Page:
scala> val incX = turtleX =>= {_ + 1.0} incX: Turtle => scalaz.Id.Id[Turtle] = <function1> scala> incX(t0) res26: scalaz.Id.Id[Turtle] = Turtle(Point(3.0,3.0),0.0,Color(-1,-1,-1))

We are now describing change of internal values upfront and passing in the actual value at the end. Does this remind you of something?

### Lens as a State monad

That sounds like a state transition to me. In fact `Lens`

and `State`

I think are good match since they are sort of emulating imperative programming on top of immutable data structure. Here's another way of writing `incX`

:

scala> val incX = for { x <- turtleX %= {_ + 1.0} } yield x incX: scalaz.StateT[scalaz.Id.Id,Turtle,Double] = scalaz.StateT$$anon$7@38e61ffa scala> incX(t0) res28: (Turtle, Double) = (Turtle(Point(3.0,3.0),0.0,Color(-1,-1,-1)),3.0)

`%=`

method takes a function `Double => Double`

and returns a `State`

monad that expresses the change.

Let's make `turtleHeading`

and `turtleY`

too:

scala> val turtleHeading = Lens.lensu[Turtle, Double] ( (a, value) => a.copy(heading = value), _.heading ) turtleHeading: scalaz.Lens[Turtle,Double] = scalaz.LensTFunctions$$anon$5@44fdec57 scala> val pointY = Lens.lensu[Point, Double] ( (a, value) => a.copy(y = value), _.y ) pointY: scalaz.Lens[Point,Double] = scalaz.LensTFunctions$$anon$5@ddede8c scala> val turtleY = turtlePosition >=> pointY

This is no fun because it feels boilerplatey. But, we can now move turtle forward! Instead of general `%=`

, Scalaz even provides sugars like `+=`

for `Numeric`

lenses. Here's what I mean:

scala> def forward(dist: Double) = for { heading <- turtleHeading x <- turtleX += dist * math.cos(heading) y <- turtleY += dist * math.sin(heading) } yield (x, y) forward: (dist: Double)scalaz.StateT[scalaz.Id.Id,Turtle,(Double, Double)] scala> forward(10.0)(t0) res31: (Turtle, (Double, Double)) = (Turtle(Point(12.0,3.0),0.0,Color(-1,-1,-1)),(12.0,3.0)) scala> forward(10.0) exec (t0) res32: scalaz.Id.Id[Turtle] = Turtle(Point(12.0,3.0),0.0,Color(-1,-1,-1))

Now we have implemented `forward`

function without using a single `copy(position = ...)`

. It's nice but we still needed some prep work to get here, so there is some tradeoff. `Lens`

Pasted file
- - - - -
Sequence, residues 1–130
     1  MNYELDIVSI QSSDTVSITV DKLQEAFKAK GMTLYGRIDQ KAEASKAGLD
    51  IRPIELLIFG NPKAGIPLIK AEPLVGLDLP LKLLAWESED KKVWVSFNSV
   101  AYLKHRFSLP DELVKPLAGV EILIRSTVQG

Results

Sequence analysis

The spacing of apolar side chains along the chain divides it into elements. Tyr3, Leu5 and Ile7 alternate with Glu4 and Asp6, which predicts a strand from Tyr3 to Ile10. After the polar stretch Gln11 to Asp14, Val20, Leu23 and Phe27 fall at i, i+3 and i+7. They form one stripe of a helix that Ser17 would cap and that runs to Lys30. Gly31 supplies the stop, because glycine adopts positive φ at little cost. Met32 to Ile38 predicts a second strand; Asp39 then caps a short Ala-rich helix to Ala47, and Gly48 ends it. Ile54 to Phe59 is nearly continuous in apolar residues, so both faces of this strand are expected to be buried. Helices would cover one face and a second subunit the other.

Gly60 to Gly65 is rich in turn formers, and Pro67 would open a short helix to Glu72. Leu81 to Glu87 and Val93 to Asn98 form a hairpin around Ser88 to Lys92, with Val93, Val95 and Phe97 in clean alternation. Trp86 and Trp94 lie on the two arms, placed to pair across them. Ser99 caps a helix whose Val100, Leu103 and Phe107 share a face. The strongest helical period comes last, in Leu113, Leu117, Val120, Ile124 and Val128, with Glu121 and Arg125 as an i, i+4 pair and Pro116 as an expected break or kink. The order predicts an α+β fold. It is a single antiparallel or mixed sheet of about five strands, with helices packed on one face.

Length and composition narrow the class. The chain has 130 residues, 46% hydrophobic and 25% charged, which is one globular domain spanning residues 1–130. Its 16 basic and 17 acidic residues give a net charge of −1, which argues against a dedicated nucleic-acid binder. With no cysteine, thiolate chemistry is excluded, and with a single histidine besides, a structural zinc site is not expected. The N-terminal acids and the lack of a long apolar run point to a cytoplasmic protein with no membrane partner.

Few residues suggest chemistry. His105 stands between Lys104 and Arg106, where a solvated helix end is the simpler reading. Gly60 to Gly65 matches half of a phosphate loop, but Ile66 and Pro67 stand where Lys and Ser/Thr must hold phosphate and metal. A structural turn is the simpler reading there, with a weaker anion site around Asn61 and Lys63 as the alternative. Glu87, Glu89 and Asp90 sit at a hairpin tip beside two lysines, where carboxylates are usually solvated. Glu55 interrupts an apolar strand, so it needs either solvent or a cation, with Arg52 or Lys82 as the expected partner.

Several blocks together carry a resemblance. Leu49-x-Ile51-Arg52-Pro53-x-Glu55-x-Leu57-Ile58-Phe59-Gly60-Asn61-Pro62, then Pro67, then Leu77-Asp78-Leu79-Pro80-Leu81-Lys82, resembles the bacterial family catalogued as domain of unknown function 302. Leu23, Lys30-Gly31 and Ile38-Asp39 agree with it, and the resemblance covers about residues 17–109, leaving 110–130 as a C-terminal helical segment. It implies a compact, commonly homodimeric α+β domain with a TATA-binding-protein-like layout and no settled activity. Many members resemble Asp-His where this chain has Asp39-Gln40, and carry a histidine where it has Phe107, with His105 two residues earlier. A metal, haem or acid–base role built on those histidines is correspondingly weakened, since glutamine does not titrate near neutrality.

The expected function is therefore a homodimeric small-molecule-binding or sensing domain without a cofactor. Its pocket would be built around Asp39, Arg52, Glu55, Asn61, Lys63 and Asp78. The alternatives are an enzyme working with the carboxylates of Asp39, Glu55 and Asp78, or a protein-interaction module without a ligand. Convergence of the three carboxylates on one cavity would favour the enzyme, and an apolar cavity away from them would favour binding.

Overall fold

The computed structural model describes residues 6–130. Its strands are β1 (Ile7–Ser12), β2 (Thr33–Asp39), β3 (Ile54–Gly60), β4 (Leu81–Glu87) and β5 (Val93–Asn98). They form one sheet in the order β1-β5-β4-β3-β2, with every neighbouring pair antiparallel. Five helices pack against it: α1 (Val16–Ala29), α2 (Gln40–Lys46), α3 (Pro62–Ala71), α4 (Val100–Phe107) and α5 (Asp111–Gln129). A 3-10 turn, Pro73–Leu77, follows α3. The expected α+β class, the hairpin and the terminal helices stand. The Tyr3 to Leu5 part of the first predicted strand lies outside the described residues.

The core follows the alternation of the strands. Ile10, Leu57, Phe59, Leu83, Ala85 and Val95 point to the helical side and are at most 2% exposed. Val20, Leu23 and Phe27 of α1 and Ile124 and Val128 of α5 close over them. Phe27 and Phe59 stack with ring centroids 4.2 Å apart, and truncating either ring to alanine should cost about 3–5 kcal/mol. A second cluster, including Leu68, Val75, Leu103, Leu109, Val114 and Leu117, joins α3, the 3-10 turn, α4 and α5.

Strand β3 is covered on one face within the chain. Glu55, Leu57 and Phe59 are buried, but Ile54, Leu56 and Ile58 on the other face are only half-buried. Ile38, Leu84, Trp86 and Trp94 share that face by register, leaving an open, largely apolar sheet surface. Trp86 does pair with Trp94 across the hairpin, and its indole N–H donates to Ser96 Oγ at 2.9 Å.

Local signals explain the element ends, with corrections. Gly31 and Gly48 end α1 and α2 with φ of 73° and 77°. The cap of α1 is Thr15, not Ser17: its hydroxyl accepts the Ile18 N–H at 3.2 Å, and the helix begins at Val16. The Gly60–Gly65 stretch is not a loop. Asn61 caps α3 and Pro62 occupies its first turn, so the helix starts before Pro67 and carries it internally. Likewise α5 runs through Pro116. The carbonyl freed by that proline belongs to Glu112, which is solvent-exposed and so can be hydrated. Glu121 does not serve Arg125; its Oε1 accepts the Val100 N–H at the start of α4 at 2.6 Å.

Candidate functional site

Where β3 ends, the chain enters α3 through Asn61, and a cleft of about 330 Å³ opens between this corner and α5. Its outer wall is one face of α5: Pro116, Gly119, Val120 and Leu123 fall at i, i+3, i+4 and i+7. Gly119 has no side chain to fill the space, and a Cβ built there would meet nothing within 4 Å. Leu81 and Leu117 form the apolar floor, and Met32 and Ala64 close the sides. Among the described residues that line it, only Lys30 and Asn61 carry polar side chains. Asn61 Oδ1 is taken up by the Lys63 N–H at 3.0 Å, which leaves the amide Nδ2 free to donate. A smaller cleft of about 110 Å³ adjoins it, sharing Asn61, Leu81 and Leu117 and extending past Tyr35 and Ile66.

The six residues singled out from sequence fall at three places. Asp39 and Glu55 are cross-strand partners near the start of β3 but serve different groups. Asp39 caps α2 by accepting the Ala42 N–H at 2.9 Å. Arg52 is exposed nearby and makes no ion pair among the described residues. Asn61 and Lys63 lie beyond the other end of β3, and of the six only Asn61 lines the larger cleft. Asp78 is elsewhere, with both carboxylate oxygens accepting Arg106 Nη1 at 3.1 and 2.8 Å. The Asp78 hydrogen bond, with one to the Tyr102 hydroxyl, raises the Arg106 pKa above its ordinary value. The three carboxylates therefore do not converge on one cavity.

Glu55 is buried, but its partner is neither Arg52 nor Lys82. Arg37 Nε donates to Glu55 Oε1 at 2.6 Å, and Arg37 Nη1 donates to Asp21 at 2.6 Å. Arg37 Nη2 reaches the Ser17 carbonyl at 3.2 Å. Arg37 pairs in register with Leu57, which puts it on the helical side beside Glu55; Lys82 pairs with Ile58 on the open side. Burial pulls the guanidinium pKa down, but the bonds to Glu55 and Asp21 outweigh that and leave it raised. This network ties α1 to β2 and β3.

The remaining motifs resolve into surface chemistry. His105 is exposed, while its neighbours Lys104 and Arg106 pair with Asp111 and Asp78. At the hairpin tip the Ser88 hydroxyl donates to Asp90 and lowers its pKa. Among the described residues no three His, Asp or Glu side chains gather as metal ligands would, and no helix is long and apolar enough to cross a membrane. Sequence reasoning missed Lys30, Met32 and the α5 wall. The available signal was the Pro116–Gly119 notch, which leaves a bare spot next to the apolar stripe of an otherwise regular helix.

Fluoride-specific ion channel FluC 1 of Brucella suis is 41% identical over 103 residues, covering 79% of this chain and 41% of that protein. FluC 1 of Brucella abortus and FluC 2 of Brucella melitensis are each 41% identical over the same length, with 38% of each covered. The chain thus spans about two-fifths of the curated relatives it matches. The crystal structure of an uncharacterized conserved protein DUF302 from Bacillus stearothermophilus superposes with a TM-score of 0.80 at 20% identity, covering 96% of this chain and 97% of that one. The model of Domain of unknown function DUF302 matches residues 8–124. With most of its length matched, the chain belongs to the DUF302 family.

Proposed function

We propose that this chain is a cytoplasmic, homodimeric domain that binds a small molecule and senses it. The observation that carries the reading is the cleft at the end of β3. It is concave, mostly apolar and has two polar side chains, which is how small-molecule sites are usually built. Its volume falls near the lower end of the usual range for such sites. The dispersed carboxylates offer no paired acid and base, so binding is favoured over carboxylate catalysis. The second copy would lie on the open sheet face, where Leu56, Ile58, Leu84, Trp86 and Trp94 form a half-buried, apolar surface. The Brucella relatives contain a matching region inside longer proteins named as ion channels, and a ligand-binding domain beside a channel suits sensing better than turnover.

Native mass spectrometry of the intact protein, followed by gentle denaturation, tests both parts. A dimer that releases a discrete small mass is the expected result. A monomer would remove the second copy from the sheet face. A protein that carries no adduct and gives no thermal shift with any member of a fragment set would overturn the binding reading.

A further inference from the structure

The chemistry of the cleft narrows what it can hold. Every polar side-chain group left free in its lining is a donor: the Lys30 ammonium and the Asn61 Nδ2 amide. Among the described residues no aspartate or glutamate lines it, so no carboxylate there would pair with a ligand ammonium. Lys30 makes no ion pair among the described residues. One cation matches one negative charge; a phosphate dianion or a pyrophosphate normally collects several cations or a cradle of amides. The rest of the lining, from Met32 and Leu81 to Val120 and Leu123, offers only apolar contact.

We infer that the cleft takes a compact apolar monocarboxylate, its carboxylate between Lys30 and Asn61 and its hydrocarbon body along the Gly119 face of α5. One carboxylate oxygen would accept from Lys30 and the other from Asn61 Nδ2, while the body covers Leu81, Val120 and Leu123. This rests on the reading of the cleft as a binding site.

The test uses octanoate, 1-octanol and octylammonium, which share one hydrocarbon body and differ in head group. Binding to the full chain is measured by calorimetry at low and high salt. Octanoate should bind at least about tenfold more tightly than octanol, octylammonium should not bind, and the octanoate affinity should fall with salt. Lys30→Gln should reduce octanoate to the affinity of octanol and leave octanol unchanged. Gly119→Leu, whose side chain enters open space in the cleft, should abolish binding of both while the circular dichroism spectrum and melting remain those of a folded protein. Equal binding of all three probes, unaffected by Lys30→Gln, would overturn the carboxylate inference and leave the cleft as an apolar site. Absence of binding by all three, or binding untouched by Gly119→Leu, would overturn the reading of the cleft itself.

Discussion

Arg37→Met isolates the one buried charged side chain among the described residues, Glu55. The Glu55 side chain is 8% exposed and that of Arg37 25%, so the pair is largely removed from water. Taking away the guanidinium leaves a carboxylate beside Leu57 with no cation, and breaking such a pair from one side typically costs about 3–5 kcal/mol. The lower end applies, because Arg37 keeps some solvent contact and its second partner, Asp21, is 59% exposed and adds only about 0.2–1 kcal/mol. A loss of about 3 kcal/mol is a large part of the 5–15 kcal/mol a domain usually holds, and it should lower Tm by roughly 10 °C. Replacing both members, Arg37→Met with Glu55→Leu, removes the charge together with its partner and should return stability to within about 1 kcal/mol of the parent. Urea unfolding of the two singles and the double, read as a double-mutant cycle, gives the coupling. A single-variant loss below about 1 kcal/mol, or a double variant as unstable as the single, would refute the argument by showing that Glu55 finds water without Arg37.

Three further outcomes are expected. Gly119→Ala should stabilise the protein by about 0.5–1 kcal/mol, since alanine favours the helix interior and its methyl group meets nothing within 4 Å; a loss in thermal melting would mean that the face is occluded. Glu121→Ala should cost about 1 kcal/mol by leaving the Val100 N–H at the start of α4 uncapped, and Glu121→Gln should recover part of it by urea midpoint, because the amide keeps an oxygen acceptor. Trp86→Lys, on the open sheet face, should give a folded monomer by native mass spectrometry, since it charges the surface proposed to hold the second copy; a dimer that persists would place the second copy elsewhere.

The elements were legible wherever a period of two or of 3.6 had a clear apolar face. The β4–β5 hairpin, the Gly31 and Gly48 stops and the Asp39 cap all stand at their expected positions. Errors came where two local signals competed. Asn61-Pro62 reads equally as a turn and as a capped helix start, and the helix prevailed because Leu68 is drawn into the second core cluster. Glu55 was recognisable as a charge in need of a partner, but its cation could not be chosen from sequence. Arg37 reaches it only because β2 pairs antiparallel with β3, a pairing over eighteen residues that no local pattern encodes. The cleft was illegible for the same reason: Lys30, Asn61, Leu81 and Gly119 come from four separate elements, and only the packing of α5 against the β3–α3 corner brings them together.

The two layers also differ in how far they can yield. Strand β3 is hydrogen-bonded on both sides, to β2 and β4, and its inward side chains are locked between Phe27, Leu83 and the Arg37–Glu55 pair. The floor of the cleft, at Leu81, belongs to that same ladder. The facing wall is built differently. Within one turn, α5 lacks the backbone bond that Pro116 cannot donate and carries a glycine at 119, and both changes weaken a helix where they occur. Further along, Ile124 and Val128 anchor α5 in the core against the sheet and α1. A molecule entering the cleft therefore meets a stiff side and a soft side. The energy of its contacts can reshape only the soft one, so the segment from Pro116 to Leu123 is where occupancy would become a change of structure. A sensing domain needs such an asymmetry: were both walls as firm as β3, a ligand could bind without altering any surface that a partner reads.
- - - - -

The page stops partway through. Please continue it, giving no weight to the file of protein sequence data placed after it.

defines a lot more methods, but the above should be a good starter. Let's see them all again:

sealed trait LensT[F[+_], A, B] { def get(a: A)(implicit F: Functor[F]): F[B] = F.map(run(a))(_.pos) def set(a: A, b: B)(implicit F: Functor[F]): F[A] = F.map(run(a))(_.put(b)) /** Modify the value viewed through the lens */ def mod(f: B => B, a: A)(implicit F: Functor[F]): F[A] = ... def =>=(f: B => B)(implicit F: Functor[F]): A => F[A] = mod(f, _) /** Modify the portion of the state viewed through the lens and return its new value. */ def %=(f: B => B)(implicit F: Functor[F]): StateT[F, A, B] = mods(f) /** Lenses can be composed */ def compose[C](that: LensT[F, C, A])(implicit F: Bind[F]): LensT[F, C, B] = ... /** alias for `compose` */ def <=<[C](that: LensT[F, C, A])(implicit F: Bind[F]): LensT[F, C, B] = compose(that) def andThen[C](that: LensT[F, B, C])(implicit F: Bind[F]): LensT[F, A, C] = that compose this /** alias for `andThen` */ def >=>[C](that: LensT[F, B, C])(implicit F: Bind[F]): LensT[F, A, C] = andThen(that) }

### Lens laws

Seth says:

lens laws are common sense

(0. if I get twice, I get the same answer)

1. if I get, then set it back, nothing changes.

2. if I set, then get, I get what I set.

3. if I set twice then get, I get the second thing I set.

He's right. These are common sense. Here how Scalaz expresses it in code:

trait LensLaw { def identity(a: A)(implicit A: Equal[A], ev: F[Store[B, A]] =:= Id[Store[B, A]]): Boolean = { val c = run(a) A.equal(c.put(c.pos), a) } def retention(a: A, b: B)(implicit B: Equal[B], ev: F[Store[B, A]] =:= Id[Store[B, A]]): Boolean = B.equal(run(run(a) put b).pos, b) def doubleSet(a: A, b1: B, b2: B)(implicit A: Equal[A], ev: F[Store[B, A]] =:= Id[Store[B, A]]) = { val r = run(a) A.equal(run(r put b1) put b2, r put b2) } }

By making arbitrary turtles we can check if our `turtleX`

is ok. We'll skip it, but make sure you don't define weird lens that break the law.

### Links

There's an article by Jordan West titled An Introduction to Lenses in Scalaz, which I kind of skimmed and looks like Scalaz 6.

There's a video by Edward Kmett's Lenses: A Functional Imperative presented at the Boston Area Scala Enthusiasts (BASE).

Finally, there's a compiler plugin by Gerolf Seitz that generates lenses: gseitz/Lensed. The project seems to be at experimental stage, but it does show the potential of macro or compiler generating lenses instead of hand-coding them.

We'll pick it up from here later.